The movie Instantly clips the audience with a glimpse into female characters’ lives and the pivotal incident. And then fell apart with director and writer Venu Sriram’s choices. The forty minutes backstory of Satyadev, how he came to be a lawyer, and his love life didn’t add anything to the movie except boredom. The redundant praise of Satyadev’s character for helping the common, fighting for justice, and fight scenes make me wonder if the film is about Satyadev’s character or the crucial social issue that resonates with our cruel society.
Sadly this structure of repetitive praising, unnecessary fight scenes follows the second half making Vakeel Saab all about Pawan Kalyan to please the fans. However, I give a big pass to the second half; the topics debated in the courtroom about women’s protection, the present mentality of our society, and the corrupted system are praiseworthy. Although Vakeel Sab clearly manages to deliver the message “when the girl says No, it means No” the direction and dialogue couldn’t be reached as it can for a social issue, courtroom drama. From “To Kill a Mockingbird (1962)” to “A Few Good Men (1992)” to “The Trial of the Chicago 7 (2020),” the courtroom dramas are always compelling with crisp dialogues and dynamic flow of screenplay. At times Vakeel Saab dialogues feel like political speeches for upcoming elections. The pacing was sidetracked by exaggerated lead character Satyadev.
Conclusion: The critical social message is tumbled down by unnecessary commercial elements. Poor execution, the exaggerated lead character, tedious writing makes Vakeel Saab (2021) an unfaithful remake of Pink (2016). My rating is 5.5/10.
Director: Venu Sriram
Cast: Pawan Kalyan, Nivetha Thomas, Anjali
Genre: Action, Drama, Thriller
They probably forgot to discuss the plot, narrative structure, and direction in pitch meetings and went with only a CGI battle between two massive monsters in mind.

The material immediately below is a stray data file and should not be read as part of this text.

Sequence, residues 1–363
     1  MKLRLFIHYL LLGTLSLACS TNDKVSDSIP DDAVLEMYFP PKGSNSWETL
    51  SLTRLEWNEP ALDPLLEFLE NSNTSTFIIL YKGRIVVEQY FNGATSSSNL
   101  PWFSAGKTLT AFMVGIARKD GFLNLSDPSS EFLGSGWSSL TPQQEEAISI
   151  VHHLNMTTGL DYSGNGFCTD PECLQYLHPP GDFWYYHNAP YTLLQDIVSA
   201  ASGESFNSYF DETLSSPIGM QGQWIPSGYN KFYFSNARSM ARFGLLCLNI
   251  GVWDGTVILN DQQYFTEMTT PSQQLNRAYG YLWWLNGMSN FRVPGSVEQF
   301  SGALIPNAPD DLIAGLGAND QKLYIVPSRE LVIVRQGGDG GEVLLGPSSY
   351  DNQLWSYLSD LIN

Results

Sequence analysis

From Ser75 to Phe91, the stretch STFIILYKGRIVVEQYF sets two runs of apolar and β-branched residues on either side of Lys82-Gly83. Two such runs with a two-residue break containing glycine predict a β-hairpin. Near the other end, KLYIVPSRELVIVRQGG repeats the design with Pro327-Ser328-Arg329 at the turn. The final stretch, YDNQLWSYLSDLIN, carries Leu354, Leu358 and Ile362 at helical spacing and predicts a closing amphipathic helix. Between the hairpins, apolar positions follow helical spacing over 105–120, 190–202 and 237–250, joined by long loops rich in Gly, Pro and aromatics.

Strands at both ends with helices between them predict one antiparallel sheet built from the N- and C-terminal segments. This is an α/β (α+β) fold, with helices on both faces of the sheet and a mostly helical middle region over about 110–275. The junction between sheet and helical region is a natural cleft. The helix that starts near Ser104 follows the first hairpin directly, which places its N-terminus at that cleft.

The fourth installment in the monster verse is what we expected to see. Jam-packed with fan services has many downs and little ups, enough to convince fans and the audience in quarantine. Godzilla vs. Kong is a follow-up story to “Godzilla: King of the Monsters (2019)” and “Kong: Skull Island (2017)”. It’s been five years since Godzilla defeated Ghidorah, now he is looking for his worthy rival, Kong. Godzilla strikes the Apex facility, as guessed its evil corporation, for no solid reason. Apex CEO Walter Simmons (Demián Bichir) proposes a plan to search for a power source in the Hollow Earth, the homeworld of the Titans, that can help them overthrow Godzilla. At the same time, Monarch, a secret scientific organization, is monitoring Kong within a large simulated habitat like in “The Hunger Games” movies. With the help of Kong guiding them through Hollow Earth, the team discovers the ancient mysteries that lie deep within the planet’s core.
“Godzilla vs. Kong” not only suffers from uninteresting human arcs and mediocre characterization like its predecessor, but it also gets messy with its dopey and laughable plot. The lack of interesting characters and half-baked acting makes the first half a hot mess. The only interesting human character in the movie is Jia (Kaylee Hottle), the last Iwi native kid who is deaf and can communicate with Kong. Sadly that is underdeveloped and unexplored. The only good thing I can find is the thirty-minute clash between the two titans, which is well handled from CGI to Sound mix, making it pleasurable to watch. The good old monster movies like “Jurassic Park,” “Jaws,” “King Kong (2005)”, where filmmakers and producers gave more importance to plot, characterization, filmmaking. Rather than only relying on CGI and fan service. This is U-turned in the recent Hollywood tentpole movies.
The ridiculous main plot of “Godzilla vs. Kong” is lined up with an even more absurd subplot, which will have no impact on the story. Bernie Hayes (Brian Tyree Henry), an employee of Apex Cybernetics, steals secret information about the sinister activities of Apex and publicizes it in the podcast. For some reason, the big evil corporation cannot locate him, but the kids, Madison (Millie Bobby Brown) and Josh (Julian Dennison), can. They sneak (no, they walk) into the secret Apex facility underground like they are covered with an invisible cloak from Harry Potter. Without getting the attention of highly Guarded security and discovering secrets that will not serve anything to the main story.
Conclusion: Apart from a 30 min spectacular CGI battle, the movie is disappointing even for a disposable popcorn flick. It gets senseless with every minute with the ridiculous plot, mundane characters, and poor acting. My rating is 4.5/10.
Director: Adam Wingard
Cast: Alexander Skarsgård, Millie Bobby Brown, Rebecca Hall
Genre: Action, Sci-Fi, Thriller
(Thank you for reading)